LEFT JOIN "photos"
    ON "players".id = "photos".player_id
WHERE "players".born_on < "1940-01-01";

DELETE FROM "players","stats","photos"
USING "players"
  LEFT JOIN "stats"
    ON "players".id = "stats".player_id
  LEFT JOIN "photos"
    ON "players".id = "photos".player_id
WHERE "players".born_on < "1950-01-01";

It this is too coarse (i.e. it takes too long do execute each query) you should make the WHERE conditions even more fine-grained (perhaps delete one year each chunk).

Also there is a --purge option for pt-archiver from Percona Toolkit which would split the data to be deleted in chunks automatically, but it doesn't seem to support the multi table case. See example usage of pt-archiver in this presentation

From your table definitions I see that you don't have an index on players.birth_date (I suppose that this is the column you relate to as born_at in your example queries). This makes the decade chunks approach useless, since every query would have to scan all players table.

If you can't afford having a long table lock for the DELETE to finish, you most likely can't afford to create an index on the birth_date column as well.

You could split the data on another column, PRIMARY KEY is a good bet. You can write a script which would process all the players in chunks of 10000 (or less or more, depending on the length of a single DELETE statement):

DELETE FROM "players","stats","photos"
USING "players"
  LEFT JOIN "stats"
    ON "players".id = "stats".player_id
  LEFT JOIN "photos"
    ON "players".id = "photos".player_id
WHERE "players".born_on < "1950-01-01"
  AND "players".id BETWEEN n*10000+1 AND (n+1)*10000

Where n would be a parameter ranging from 0 to MAX(players.id)/10000 . This way you will avoid a full table scan (which certainly is painful for a 100M table)

You could also try to estimate the DELETE complexity with an EXPLAIN SELECT instead of DELETE:

EXPLAIN SELECT *
FROM "players"
  LEFT JOIN "stats"
    ON "players".id = "stats".player_id
  LEFT JOIN "photos"
    ON "players".id = "photos".player_id
WHERE "players".born_on < "1950-01-01"
  AND "players".id BETWEEN 1 AND 10000
share|improve this answer
    
Thanks for this. I added the clarification that yes, I would like to remove the associated tables. I like the idea of working it one decade (or possibly, one month) at a time. Would this require a large lock to do a DELETE? When I've run this historically (with about 10 JOINs, I believe all generally on keys), I end up with the query held for a long time. Would that make sense with the schema listed above. Thanks for your help; really appreciate it. –  ghayes Jul 23 '13 at 0:17
    
Thanks for this write-up. I was able to set better indices for the JOINs and get the DELETE to run in segments using id constraints. Thanks for your help. –  ghayes Jul 24 '13 at 19:24

In your first example the JOINs do nothing - the query runner is going to go looking for rows in stats and players that relate to the rows where born_on < "1950-01-01"born_on < "1950-01-01" but then do nothing with that information. Simply using SELECT id FROM "players" where "players".born_on < "1950-01-01"; would do the same thing.

If you are wanting the related rows in stats and photos to go (you don;t say as such, but I assume so as you'll have a lot of orphan data otherwise) then you need to either do that with separate statements, or foreign key constrains with ON DELETE CASCADE set, or (not recommended) triggers to do the same thing. Simply naming them in the DELETE statement for the parent table is not sufficicent to let the query planner know that is what you want.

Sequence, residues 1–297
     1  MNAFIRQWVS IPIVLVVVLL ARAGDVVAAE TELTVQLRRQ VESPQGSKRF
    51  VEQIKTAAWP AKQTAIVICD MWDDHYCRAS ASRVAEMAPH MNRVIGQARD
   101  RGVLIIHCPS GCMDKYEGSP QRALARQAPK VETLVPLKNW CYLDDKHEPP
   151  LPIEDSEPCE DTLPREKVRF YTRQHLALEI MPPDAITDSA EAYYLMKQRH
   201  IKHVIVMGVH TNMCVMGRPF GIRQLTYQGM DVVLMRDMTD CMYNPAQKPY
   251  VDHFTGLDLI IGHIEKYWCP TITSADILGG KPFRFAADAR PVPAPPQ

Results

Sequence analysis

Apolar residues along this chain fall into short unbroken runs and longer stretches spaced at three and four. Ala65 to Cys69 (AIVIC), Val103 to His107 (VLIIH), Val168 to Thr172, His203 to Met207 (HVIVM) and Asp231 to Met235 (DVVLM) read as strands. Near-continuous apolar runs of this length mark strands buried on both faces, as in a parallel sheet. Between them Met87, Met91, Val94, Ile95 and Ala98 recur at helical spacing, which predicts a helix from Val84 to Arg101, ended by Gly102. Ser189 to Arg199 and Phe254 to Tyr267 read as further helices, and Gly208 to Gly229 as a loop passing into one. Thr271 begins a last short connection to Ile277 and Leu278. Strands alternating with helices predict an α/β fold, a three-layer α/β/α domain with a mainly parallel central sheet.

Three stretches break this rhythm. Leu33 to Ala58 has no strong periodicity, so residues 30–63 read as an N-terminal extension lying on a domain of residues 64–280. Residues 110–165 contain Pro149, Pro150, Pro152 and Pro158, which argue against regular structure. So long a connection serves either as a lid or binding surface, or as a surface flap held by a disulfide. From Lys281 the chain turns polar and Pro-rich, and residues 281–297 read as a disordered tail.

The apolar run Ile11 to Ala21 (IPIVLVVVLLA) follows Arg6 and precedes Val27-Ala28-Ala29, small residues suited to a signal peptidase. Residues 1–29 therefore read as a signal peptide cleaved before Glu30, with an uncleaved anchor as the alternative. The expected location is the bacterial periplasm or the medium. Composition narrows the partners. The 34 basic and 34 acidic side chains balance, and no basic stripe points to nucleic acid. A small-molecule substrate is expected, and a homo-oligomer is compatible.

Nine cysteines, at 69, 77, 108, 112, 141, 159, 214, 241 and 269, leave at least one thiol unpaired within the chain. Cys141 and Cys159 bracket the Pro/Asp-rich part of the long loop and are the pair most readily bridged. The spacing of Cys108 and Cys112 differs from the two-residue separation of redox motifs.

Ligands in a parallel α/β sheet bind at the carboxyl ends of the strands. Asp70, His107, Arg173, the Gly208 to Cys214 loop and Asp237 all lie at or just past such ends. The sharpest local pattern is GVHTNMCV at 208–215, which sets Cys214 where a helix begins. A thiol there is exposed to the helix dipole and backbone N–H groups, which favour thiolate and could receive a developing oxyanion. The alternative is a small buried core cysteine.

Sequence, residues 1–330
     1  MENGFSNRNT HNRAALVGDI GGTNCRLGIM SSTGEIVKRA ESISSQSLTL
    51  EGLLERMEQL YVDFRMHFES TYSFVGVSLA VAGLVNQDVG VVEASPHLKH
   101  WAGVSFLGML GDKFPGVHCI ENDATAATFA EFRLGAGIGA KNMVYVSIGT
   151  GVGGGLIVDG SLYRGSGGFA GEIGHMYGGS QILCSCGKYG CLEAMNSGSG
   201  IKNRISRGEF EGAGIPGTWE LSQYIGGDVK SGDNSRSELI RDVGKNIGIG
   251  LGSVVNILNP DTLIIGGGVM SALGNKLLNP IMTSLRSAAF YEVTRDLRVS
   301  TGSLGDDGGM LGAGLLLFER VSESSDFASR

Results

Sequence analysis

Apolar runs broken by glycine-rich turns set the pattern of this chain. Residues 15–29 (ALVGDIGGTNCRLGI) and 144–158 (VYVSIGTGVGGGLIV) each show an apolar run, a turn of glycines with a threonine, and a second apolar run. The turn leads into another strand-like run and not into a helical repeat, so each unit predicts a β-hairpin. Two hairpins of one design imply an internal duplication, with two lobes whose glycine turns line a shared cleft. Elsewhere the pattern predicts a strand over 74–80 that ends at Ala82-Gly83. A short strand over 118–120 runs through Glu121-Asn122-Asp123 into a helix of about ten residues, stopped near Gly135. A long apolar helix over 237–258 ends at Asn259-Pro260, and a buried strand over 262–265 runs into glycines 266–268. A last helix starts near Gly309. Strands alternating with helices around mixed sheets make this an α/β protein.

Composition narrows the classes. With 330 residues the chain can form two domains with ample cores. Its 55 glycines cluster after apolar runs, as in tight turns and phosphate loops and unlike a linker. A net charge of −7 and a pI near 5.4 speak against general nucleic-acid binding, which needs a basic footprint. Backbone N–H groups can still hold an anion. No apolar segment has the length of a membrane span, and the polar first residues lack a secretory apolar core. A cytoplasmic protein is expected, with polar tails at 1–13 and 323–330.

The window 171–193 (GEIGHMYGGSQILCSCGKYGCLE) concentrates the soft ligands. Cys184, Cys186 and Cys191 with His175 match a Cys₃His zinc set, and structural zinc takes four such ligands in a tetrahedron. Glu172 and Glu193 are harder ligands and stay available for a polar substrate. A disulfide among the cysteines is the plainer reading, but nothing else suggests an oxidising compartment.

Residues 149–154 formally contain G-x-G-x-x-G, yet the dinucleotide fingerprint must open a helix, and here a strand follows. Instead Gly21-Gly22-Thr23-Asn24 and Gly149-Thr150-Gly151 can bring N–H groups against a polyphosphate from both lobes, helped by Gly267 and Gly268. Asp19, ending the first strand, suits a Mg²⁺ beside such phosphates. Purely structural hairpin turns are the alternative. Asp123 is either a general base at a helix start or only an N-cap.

so I haven't properly constrained any of these relations

Does this main you have no foreign key constraints? If so then DELETE FROM "players" WHERE "players".born_on < "1950-01-01" will work but leave orphan records in stats and photots. If you have FK constrains with ON DELETE CASCADE (or triggers to acheive the same thing) then those newly orphaned rows will be deleted and that might be taking a lot of the time especially if the right indexes are not in place (I'm not sure about MySQL, but in MSSQL an FK does not imply that an index exists). If you have FKs without cascaded actions then you'd get referential integrity related errors so I assume that is not the case. Depending on how bright mySQL is or isn't, you might find removing the related rows first rather then relying on cascaded deletes is faster.

and I have a good number of indices on each of these tables

You need to specify what those indexes are in order for us to kow if that is a good thing or not. Having many indexes will slow delete operations as every index needs to be updated as well as the table's heap or clsutered index, and having lots does not mean you have the right ones to help this particular task.

You should update the question to provide the specifics of the table structures (all indexes, keys, and constraints that exist) for us to be able to give more specific advice.

share|improve this answer
    
Thank you for your help here. I've added the schema and clarified a few points you've listed. Really appreciate the feedback you've given. –  ghayes Jul 23 '13 at 0:16

In your attempt:

SELECT id FROM "players" where "players".born_on < "1950-01-01"; Then
 DELETE FROM "players" WHERE "players".id = 5;
 DELETE FROM "stats" WHERE "stats".player_id = 5;
 DELETE FROM "photos" WHERE "photos".player_id = 5; ... repeat

First, I don't understand the "...= 5;" one each the subsequent deletes. What is the 5?

But....what if you created a temporary table from the SELECT id that just has id as a column, then proceeded with your DELETES.

CREATE TEMPORARY TABLE IF NOT EXISTS partials (SELECT id FROM "players" where "players".born_on < "1950-01-01" limit 10000)

and now

SELECT id FROM "partials";
   DELETE FROM "players" WHERE "players".id = ...

You could then use a limit statement on building your temporary table.

share|improve this answer
    
Was meant to be the list of ids stored in memory by the application calling the SQL. I like your use of a temp table for this purpose. Thanks. –  ghayes Mar 27 at 20:40